Personally, I know what it’s like to follow immigration requirements. I’ve been living in Thailand for the last eight years. I like it here. It’s a refreshing cultural and standard of living change from the United States of America. But Thailand will never allow me to become a citizen. I can’t be employed in Thailand without permission from the government. I’m considered a guest, and even to enjoy that privilege I must have permission.

First, I must maintain a US passport. Next, I was obliged to apply for a non-immigrant retirement visa for permission to enter and stay in the country for more than 90 days at a time. Every 90 days I’m required to report personally to a Thai Immigration office to report my address and submit proof that I’m living there. If I fail in any of these requirements the immigration officials will track me down, arrest me, and promptly boot me out of Thailand. If I commit any crime here they’ll treat me the same.

Every year, I must re-apply in person at the immigration office and submit a boat load of documentation in order to extend my visa for another year. I must prove I have a substantial sum of money in a Thai bank and otherwise have sufficient income from the US with which to support myself.

The only reason they allow me here in the first place is because I’m going to spend money from my home country which will help the Thai economy. The Thai’s don’t want any foreigner in their country who will be a burden to the Thai people. They don’t allow criminals, takers, terrorists and such to stay here.

They won’t have me unless I can prove I’m a good person every 90 days. They strictly enforce their immigration laws. It’s inconvenient; a pain in the ass, but I’m willing to do it because I want to stay in Thailand. If I can do it, why can’t visitors to the USA do it?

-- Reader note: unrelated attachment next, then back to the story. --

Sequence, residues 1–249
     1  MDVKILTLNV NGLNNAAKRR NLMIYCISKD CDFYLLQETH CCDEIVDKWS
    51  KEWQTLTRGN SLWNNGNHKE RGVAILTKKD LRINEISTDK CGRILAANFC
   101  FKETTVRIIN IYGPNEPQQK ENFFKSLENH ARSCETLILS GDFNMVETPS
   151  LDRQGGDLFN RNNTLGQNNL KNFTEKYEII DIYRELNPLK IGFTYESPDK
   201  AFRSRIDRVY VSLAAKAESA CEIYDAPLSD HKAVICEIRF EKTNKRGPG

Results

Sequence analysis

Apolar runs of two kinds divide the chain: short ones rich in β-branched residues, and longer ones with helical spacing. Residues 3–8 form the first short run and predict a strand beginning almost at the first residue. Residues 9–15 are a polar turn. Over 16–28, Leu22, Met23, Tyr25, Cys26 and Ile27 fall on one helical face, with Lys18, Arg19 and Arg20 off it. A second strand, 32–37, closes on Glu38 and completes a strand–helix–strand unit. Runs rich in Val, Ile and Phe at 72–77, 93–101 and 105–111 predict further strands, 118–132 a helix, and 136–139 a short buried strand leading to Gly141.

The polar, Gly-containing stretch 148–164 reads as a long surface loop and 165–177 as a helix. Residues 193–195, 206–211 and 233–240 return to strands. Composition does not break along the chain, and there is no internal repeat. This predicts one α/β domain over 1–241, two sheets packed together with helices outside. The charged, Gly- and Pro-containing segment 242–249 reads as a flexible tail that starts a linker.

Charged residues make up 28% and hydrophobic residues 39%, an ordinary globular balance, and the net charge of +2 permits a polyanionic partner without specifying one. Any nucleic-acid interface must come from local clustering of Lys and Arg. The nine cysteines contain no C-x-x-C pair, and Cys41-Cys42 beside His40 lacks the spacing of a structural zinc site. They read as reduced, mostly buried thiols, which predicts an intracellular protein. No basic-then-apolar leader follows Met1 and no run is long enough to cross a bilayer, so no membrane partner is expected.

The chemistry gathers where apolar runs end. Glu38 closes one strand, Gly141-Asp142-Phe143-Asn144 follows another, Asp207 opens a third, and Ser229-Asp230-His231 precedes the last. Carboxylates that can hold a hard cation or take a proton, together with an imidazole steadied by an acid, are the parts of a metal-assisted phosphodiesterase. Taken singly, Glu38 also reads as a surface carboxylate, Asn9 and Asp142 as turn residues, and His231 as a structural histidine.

Reasonable Americans, including Donald Trump, are not asking that much of foreigners who want to stay in the USA. In the USA immigrants can become citizens. They can work, earn a living, and eventually enjoy all the benefits of being an American. All reasonable Americans ask of foreigners is that they follow the rules.

That’s why I’m inclined in this instance to defend The Donald.


  1. Demanding that people adhere to the turf claims and extortion schemes ("borders" and "rules") of overgrown street gangs has never been, is not, and will never be, "reasonable."

    1. I own and live in a condominium. The premises are surrounded by a wall. There are guards and 24 hour security. Nobody can go through the gate without permission. I feel safe with those arrangements. I don't know about you, Tom, but I have a deadbolt lock on my door because I don't want strangers walking in to my room without permission. It's my space and visitors must be invited. I want to keep bad people out.Those are the rules. I think it's reasonable. There are too many people in this world who would slit your throat for a quarter. That's a fact of life. We need to establish borders and rules. It's reasonable

  2. I'm with the late Aaron Russo who pointed out that a country without enforceable borders can't really be called a country.